he third building in the Columbia University Audubon Science and Technology Parkthe Irving Cancer Research Centerwas officially topped out at a Feb. 22 ceremony marking the completion of the first major phase of construction.
The building, named for New York City philanthropist and food distribution executive Herbert Irving, was designed by Davis Brody Bond and features nine floors of research space, underground parking, and clinical facilities. A comprehensive breast cancer screening facility will be housed in the approximately 300,000-square-foot structure, located on St. Nicholas Avenue between 166th and 167th streets.
The ceremony began with opening remarks from Dr. Gerald Fischbach, executive vice president and dean, who professed his thanks to all involved in getting the structure built ahead of schedule. He declared the Audubon park unique as New York City's only university-related research park, housing the citys only biotechnology business incubator. With an expected six new patented inventions per year, $30 million per year in research grants, and 500 new jobs, the park will be essential to New York Citys economic rebuilding and development.
Dr. Fischbach was followed by Dr. Karen Antman, director of the Irving Comprehensive Cancer Center and Wu Professor of Medicine at P&S. She too thanked those involved in the buildings construction and stressed its importance in the field of cancer research. Mr. Irving then told the audience how proud and excited he is to be a part of the development and at the end of my maturity to have a dream and see it fulfilled. Mr. Irving was presented with a framed, computer- rendered photograph of the completed Audubon Park, including the Irving Cancer Research Center. Dr. Herbert Pardes, president and CEO of New York-Presbyterian Hospital, concluded the program, praising Dr. Antman for her strength in clinical cancer research.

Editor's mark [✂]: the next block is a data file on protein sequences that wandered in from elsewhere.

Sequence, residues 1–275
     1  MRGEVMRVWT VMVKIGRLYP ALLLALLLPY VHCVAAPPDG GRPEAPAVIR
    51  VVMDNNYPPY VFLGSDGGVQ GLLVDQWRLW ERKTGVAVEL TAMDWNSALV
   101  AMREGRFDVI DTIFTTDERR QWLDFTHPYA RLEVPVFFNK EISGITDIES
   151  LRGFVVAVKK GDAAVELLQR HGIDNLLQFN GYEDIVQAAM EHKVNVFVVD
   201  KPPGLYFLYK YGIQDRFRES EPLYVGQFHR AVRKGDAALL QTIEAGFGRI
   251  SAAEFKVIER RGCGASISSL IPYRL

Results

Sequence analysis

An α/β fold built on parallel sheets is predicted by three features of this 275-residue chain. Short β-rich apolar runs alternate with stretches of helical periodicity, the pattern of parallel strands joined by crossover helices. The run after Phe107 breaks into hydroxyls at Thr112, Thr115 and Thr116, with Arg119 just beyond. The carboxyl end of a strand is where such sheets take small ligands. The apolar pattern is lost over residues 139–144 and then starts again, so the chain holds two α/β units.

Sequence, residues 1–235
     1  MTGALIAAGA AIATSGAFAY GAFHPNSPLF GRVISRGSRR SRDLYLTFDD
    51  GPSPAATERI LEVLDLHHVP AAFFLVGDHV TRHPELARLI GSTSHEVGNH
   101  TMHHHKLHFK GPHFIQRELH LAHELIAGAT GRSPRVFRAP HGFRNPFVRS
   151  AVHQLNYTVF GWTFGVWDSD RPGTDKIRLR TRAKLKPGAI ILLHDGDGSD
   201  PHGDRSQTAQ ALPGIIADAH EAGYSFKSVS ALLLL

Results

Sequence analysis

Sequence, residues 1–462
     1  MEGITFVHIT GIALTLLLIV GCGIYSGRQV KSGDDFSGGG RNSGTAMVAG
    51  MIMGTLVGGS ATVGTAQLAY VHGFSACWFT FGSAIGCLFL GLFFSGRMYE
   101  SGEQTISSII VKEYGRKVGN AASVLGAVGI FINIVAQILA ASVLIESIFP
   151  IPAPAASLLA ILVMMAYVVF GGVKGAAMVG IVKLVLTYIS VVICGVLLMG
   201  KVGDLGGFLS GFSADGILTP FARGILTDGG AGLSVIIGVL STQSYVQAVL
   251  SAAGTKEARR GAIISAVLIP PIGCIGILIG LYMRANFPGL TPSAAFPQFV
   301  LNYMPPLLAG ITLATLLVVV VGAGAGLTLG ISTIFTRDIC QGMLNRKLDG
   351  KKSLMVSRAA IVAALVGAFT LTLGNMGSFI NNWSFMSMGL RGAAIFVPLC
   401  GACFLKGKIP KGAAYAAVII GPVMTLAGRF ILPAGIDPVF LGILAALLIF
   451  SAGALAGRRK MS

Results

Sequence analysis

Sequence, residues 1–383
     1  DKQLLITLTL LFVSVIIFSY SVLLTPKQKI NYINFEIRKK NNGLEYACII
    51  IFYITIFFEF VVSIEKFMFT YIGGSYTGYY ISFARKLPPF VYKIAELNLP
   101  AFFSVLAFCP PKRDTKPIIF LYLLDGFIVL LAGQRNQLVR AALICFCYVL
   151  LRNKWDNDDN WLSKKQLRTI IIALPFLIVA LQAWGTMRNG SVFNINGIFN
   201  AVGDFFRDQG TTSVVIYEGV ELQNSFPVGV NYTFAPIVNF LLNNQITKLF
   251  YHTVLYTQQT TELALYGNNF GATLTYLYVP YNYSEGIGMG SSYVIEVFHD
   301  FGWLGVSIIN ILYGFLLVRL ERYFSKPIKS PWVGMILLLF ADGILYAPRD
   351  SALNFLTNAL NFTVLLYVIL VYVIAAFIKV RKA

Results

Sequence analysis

The event ended with the entire audience taking an elevator to the structures roof, where Mr. Irving, along with Drs. Fischbach, Antman, and Pardes, raised a flag. A tree was placed next to the flag to symbolize the official topping out.
The School of Dental and Oral Surgery has teamed with Aetna to create interactive tools dentists can use to help their patients stop using tobacco products. The project is funded by a $500,000 grant from the Robert Wood Johnson Foundations Addressing Tobacco in Managed Care program and will be completed with assistance from the Deschutes Research Institute. Dr. David A. Albert, assistant professor of clinical medicine at both SDOS and the Mailman School of Public Health, will be the projects principal investigator.
The effort is in response to studies that have indicated that while advice from a health care provider can be the single most effective stimulus for an individual seeking preventive care, tobacco cessation counseling is not routinely offered in dental practices.